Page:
Asean, the pending journey towards the future epicenter of the world economy




A great unknown. And a gigantic opportunity barely explored by Spanish companies. With the world economic focus placed on China, and very close to Japan and India, the countries that make up the Association of Southeast Asian Nations (Asean) They add a commercial appeal that has not gone unnoticed by companies around the world. “Southeast Asia is the most dynamic region in the world in economic terms. And the ten Asean countries form the third largest market, with 650 million inhabitants (more than the EU), and the fifth world economy in terms of wealth, with a GDP of almost three trillion dollars ", he explains Antonio Bonet, President of the Club of Spanish Exporters and Investors. As highlighted in "Economic Relations between Europe, China and Asean", a recent and comprehensive HSBC report prepared by ESADEgeo, the Asean countries (Malaysia, Indonesia, Brunei, Vietnam, Cambodia, Laos, Burma, Singapore, Thailand and the Philippines ) also coincide, and despite their heterogeneity, in their interest in increasing the integration of their economies, deepening the liberalization of strategic sectors and reducing trade barriers.

The report also states that Asean already it is a key market for the EU. The community bloc is its third largest trading partner, behind only China and the US (the exchange of goods totaled 237 billion in 2017, with a negative balance of 43.2 billion for the EU). It is also the main investor in the region (337,000 million in 2017). However, Spain's presence is more than modest: 3,586 million exported in 2018 (1.3% of the total), compared to imports of just over 9,000. The reduced investment stock totaled 2,375 million in 2017.

"There are important companies there, such as Repsol, Indra or Técnicas Reunidas, But despite being one of the fastest growing areas in the world, we still do not have a large presence. It should be borne in mind that Latin America and Europe still account for 80% of our business relationships. Perhaps we need bigger multinationals, like the North American or the German ones, that will drag and facilitate the work to the smallest ones in other markets ", he argues Tomás González, president of the Spain-Asean Business Association (Asempea) and director of International Expansion of the Idom company.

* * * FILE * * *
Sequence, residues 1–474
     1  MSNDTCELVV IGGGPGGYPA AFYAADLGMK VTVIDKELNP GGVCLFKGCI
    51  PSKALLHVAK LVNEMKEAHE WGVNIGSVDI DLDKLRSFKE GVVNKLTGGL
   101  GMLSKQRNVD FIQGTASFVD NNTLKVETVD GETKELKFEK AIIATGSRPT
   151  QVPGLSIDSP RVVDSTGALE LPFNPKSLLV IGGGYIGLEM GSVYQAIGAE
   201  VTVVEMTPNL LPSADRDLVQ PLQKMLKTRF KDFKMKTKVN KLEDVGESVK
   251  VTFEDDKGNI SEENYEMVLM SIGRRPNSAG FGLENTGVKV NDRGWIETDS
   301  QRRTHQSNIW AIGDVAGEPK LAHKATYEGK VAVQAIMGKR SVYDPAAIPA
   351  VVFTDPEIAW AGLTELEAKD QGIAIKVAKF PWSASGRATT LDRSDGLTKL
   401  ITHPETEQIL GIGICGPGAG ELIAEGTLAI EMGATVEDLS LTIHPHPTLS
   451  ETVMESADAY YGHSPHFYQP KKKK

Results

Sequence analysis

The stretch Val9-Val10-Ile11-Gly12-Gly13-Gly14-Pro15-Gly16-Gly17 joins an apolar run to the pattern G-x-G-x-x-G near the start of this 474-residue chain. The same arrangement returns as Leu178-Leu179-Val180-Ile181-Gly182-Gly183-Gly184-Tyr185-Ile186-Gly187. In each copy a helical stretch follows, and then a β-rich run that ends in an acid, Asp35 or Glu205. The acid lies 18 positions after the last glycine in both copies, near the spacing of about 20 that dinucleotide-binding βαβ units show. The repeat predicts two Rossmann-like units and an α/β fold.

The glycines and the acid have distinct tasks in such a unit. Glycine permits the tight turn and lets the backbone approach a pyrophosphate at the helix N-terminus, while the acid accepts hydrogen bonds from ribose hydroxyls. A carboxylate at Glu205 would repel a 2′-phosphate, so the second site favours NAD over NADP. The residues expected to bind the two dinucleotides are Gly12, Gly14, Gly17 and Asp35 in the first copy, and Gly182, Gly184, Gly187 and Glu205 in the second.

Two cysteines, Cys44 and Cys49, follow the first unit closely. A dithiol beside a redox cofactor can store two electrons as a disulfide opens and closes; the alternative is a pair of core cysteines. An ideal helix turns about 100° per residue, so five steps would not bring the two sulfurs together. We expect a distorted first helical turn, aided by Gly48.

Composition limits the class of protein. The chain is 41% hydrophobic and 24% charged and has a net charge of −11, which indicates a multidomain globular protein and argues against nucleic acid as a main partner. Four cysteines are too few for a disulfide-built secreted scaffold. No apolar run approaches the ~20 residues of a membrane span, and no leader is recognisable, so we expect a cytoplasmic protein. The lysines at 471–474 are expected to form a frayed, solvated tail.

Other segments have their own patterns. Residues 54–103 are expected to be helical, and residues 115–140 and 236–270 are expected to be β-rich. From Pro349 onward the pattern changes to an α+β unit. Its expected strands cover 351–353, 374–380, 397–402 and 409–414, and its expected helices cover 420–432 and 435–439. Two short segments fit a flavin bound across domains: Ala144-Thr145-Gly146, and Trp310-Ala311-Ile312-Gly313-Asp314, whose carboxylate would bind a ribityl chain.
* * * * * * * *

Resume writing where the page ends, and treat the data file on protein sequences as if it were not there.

But the Covid outbreak forces to change scripts and expand horizons. “The geographical diversification of our international activity is now more important than ever to compensate for the drop in demand in our most important export and investment markets. And here Southeast Asia can play a key role, "explains Bonet. A region that, until now, «has managed to minimize the impact of Covid and it foresees a faster recovery than other regions ”, explain sources of CEOE.

Due to the great differences between its members, "The region offers opportunities for practically all goods, services and investment sectors", Bonet stresses. Agri-food is a very attractive sector, especially for companies prepared to respond to the demands of halal products. Renewable energies, innovation, housing construction, tourism, training, infrastructure and waste management are other cross-cutting niches for most of the countries in the region, according to CEOE.

Varied dishes

«Talking about Asean is like doing it about Spanish gastronomy. There are very different dishes, but they are all good. Indonesia, for example, is a very important market, with 270 million inhabitants and great growth. In the Philippines, private groups (many with Spanish origins, which works in our favor) are perfectly comparable to any large multinational. They move in those parameters. And that in countries like Thailand is not easy to find. However, in states such as Malaysia everything is very procedural and there is a lot of support for commercial activity, "says González.